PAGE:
[lit-ideas] Re: the bombing blues

  • From: Robert Paul <robert.paul@xxxxxxxx>
  • To: lit-ideas@xxxxxxxxxxxxx
  • Date: Fri, 08 Jul 2005 12:15:47 -0700

John McCreery sent us a piece by W. Pitt Rivers, from Truthout:

William Rivers Pitt writes on Truthout (www.truthout.com)

In Iraq, they call events like this "Tuesday."

Tens of thousands of people have been killed and wounded in Iraq by way of deadly bombings that have been taking place every single day. These Iraqi people are no different from the Londoners who perished today. Their skin is darker perhaps, and they pray to a different God, but they have families and children and dreams and they die just as horribly as their British counterparts. Yet they earn perhaps a few sentences on the back page of the paper, and virtually no comment from the members of the international community which ginned up the invasion of Iraq in the first place.

This the kind of bizarre reasoning one often encounters on the part of those for whom no vicious act is without its patronizing 'moral' lesson. Its premises are seldom stated but insofar as it has any, they would seem to be these: what happened in London, yesterday, isn't really worth getting upset about because similar things happen daily elsewhere and nobody gets very excited about them (except the people in those far away places about which we know little who are immediately effected). Such reasoning has exactly the same form as: You shouldn't carry on so about your child's having been killed by a drunk driver because it happens almost every day (somewhere), and the people in your family and neighborhood don't carry on about that, now do they?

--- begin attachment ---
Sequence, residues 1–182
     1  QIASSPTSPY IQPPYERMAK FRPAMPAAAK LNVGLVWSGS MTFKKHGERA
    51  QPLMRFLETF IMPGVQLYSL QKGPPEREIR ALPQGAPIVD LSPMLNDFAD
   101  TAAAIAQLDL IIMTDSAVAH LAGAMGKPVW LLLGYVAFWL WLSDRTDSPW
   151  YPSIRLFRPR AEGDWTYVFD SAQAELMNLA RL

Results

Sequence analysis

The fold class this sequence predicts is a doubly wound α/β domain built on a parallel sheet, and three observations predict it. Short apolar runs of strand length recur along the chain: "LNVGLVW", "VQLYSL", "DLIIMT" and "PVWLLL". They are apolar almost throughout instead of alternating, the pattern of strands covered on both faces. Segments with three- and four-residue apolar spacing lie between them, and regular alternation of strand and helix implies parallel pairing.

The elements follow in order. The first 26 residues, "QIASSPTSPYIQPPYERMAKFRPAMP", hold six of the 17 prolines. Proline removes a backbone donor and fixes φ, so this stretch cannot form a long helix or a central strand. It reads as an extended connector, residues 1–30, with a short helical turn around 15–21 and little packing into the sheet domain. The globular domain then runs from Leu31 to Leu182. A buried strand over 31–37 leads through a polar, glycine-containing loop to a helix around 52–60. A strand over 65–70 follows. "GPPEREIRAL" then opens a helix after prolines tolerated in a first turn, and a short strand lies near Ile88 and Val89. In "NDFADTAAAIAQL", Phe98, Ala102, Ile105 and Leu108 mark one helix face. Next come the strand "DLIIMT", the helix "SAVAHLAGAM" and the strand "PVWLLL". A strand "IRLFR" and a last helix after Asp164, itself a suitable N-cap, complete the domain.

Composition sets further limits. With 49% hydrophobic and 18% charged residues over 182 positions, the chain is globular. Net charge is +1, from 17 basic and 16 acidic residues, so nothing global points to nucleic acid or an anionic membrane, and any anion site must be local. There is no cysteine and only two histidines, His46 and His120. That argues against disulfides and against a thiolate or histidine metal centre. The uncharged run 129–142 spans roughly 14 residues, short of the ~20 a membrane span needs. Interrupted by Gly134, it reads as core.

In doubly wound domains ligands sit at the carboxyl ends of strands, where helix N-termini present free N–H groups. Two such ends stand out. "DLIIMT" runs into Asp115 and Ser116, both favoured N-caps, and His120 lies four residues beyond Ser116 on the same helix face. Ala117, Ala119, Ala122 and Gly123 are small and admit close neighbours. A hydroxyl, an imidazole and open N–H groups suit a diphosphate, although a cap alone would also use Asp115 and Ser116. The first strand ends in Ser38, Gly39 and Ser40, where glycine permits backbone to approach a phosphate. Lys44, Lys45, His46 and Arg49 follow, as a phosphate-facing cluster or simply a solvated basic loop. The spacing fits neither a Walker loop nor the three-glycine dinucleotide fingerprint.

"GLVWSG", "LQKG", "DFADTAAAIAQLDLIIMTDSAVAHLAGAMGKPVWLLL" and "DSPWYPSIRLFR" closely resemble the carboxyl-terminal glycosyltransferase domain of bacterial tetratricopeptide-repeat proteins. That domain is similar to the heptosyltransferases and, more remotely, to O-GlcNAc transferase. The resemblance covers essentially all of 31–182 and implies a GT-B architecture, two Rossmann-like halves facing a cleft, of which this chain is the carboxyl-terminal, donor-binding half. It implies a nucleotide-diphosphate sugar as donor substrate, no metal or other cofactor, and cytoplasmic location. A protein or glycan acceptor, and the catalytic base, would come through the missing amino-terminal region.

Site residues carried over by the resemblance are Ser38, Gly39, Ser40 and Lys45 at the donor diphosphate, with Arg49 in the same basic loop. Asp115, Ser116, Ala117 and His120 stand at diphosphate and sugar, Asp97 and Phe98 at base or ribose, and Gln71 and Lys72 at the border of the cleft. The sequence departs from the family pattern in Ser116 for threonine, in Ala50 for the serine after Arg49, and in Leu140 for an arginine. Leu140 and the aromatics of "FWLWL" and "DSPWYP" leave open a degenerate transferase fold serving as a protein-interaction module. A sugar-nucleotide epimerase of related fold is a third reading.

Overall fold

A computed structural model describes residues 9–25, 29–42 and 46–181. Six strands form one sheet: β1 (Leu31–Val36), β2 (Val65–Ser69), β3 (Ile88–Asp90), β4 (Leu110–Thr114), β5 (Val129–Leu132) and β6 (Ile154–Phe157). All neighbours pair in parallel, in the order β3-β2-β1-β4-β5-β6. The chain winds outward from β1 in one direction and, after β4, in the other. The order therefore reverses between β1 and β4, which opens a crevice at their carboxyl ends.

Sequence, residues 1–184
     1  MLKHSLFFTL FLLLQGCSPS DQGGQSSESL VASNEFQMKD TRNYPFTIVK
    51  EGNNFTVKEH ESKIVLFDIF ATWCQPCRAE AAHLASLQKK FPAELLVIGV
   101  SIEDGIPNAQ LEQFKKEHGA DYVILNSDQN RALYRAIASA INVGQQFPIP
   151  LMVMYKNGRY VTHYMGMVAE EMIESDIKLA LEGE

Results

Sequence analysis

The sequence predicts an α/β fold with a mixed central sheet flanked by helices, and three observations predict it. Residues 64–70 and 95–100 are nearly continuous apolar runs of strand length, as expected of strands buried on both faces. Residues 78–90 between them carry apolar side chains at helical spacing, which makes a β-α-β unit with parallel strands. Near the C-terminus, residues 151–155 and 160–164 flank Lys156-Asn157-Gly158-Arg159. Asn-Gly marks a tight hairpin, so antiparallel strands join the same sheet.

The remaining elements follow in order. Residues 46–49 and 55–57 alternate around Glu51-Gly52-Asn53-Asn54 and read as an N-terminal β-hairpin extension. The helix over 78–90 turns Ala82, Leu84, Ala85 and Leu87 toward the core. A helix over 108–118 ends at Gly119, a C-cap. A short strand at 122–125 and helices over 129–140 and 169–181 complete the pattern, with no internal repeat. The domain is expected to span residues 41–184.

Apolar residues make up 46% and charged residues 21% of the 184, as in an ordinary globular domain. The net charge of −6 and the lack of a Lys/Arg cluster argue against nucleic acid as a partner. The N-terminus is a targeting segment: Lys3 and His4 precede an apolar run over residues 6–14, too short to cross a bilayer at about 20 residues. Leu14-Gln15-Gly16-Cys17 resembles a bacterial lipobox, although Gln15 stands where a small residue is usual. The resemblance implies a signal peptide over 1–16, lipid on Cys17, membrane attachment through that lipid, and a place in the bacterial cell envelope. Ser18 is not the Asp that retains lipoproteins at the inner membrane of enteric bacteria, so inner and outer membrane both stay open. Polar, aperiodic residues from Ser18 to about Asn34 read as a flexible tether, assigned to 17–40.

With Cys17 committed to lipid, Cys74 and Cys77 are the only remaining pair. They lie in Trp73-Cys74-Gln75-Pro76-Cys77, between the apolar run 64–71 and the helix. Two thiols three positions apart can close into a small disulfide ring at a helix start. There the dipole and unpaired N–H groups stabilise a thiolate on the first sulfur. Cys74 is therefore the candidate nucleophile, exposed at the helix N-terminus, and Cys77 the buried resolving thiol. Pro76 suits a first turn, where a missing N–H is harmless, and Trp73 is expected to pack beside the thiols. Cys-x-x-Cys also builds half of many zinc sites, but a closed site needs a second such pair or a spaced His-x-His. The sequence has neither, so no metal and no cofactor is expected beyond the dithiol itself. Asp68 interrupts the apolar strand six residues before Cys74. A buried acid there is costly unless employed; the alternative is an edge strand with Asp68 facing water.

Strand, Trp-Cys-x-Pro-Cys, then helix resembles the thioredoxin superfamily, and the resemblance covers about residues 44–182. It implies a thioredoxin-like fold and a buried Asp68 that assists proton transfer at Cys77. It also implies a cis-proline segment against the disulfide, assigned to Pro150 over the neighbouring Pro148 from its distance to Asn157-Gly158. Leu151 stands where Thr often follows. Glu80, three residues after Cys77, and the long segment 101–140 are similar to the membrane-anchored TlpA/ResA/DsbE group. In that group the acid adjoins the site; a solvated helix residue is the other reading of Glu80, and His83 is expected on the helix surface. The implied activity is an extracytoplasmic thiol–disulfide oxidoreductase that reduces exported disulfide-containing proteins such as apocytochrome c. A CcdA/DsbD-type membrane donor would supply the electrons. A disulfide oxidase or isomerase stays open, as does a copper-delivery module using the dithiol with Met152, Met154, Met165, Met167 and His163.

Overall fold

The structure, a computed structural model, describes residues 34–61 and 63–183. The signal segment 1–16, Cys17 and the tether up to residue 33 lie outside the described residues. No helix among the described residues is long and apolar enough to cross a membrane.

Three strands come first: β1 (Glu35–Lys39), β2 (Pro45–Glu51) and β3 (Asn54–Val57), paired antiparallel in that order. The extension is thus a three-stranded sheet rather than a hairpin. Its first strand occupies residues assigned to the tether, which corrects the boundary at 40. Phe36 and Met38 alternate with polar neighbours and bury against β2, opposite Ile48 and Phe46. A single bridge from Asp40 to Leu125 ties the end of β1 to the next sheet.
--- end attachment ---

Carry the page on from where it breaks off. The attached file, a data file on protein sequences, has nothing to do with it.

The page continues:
Has Pitt Rivers actually managed to look at the faces in the images from London, and seen nothing but 'skin' lighter than the 'skin' of Iraqis? And on what grounds does he irrelevantly say that the people in Iraq 'pray to a different God,' from 'their British counterparts'? This happened in London, not Salt Lake City, e.g., not that it would not have been equally terrible had it happened in that relatively 'pale' and religiously homogeneous city.

What illogical, unfeeling crap.

Robert Paul
Reed College

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